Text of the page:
What Birth Control Options are Available for Women?

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Answered by: Sarah, An Expert in the On Birth Control Category
There are so many birth control options available that the information about them can be overwhelming. To further complicate matters, some information about birth control on the internet is false or misleading. However, learning about and understanding birth control options is an important part of life for sexually active women who wish to prevent pregnancy. The several types of birth control include hormonal methods, barrier methods, fertility awareness and sterilization. There are two common formulas used in hormonal birth control. One of the most popular formulas of hormonal birth control is a combination of progestin and estrogen. This combination of hormones is present in many birth control pills, skin patches and vaginal rings. Combination hormonal birth control may help with acne symptoms, ovulation pain, PMS and cramping. The other hormonal birth control formula is progestin-only birth control. With this type of hormonal birth control, progestin is the only hormonal ingredient. Progestin-only birth control is available in the forms of pills, shots, implants and intra-uterine devices. Some women use progestin-only birth control because they are sensitive to estrogen or are breastfeeding. Intra-uterine devices, also known as IUDs, can be copper or progestin-only. An IUD is placed in the uterus by a healthcare professional and can prevent pregnancy for up to ten years.

Barrier methods of birth control come in many shapes and sizes. Barrier methods for women include diaphragms, cervical caps and shields, female condoms and spermicides. Barrier methods work by preventing the sperm from meeting and fertilizing the egg. Barrier methods of birth control usually have fewer and less severe side effects than hormonal birth control methods but are also known to be less effective. Many healthcare practitioners suggest pairing a barrier method with a hormonal method to effectively prevent pregnancy.Fertility awareness is not a very effective method of preventing pregnancy, but is favored among people who do not want to risk the side effects or complications that can be involved with using hormonal or barrier methods of birth control. Fertility awareness is also known as "natural family planning" or "periodic abstinence." With the fertility awareness method of birth control, the woman uses a calendar to map out her fertility cycle and then chooses not to have intercourse during the time she is most fertile.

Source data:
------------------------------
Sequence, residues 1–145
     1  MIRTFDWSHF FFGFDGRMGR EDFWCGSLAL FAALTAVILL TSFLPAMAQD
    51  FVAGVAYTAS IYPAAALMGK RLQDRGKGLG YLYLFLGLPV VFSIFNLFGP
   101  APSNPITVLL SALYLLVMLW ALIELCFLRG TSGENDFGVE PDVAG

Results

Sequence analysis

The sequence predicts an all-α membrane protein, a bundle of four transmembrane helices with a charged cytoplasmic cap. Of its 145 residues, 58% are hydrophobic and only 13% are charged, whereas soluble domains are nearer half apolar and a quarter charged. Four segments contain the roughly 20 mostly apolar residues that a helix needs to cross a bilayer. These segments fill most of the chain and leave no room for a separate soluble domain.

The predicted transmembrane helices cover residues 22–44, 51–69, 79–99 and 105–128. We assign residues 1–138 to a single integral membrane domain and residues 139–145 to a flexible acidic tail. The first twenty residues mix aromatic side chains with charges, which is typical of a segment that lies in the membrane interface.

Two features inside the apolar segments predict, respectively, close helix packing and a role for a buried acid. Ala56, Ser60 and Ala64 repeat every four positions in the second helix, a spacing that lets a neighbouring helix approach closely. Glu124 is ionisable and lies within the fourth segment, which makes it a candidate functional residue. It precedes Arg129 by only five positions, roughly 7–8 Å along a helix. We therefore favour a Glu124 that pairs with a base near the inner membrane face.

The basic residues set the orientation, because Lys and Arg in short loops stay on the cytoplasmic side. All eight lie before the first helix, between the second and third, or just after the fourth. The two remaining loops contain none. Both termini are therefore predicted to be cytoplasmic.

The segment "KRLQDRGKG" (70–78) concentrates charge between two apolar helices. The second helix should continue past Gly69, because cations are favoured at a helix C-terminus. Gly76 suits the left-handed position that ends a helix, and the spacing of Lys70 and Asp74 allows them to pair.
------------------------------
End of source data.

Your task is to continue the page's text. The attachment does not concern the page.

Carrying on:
The final birth control option available for women is permanent sterilization. Sterilization is a surgical procedure that involves tubal litigation or tubal implantation. In tubal litigation, the fallopian tubes are cut or tied off. This is how the phrase "tied tubes" originated. Tubal implants are small metal coils placed in the fallopian tubes by a healthcare practitioner. Over time, scar tissue develops around the metal coils and physically blocks the fallopian tube. Sterilization is permanent and irreversible, so it is only suitable for women who do not wish to have children for the rest of their lives. Some women choose sterilization after they have already had a few children.

It is important for women to communicate openly with their health care practitioner when they decide to begin or change birth control methods. Each birth control option has benefits and draw-backs. The side effects of birth control and the personal health history of the woman need to be taken into consideration when choosing a birth control option. With careful consideration, it is possible to find a birth control method appropriate for any lifestyle.

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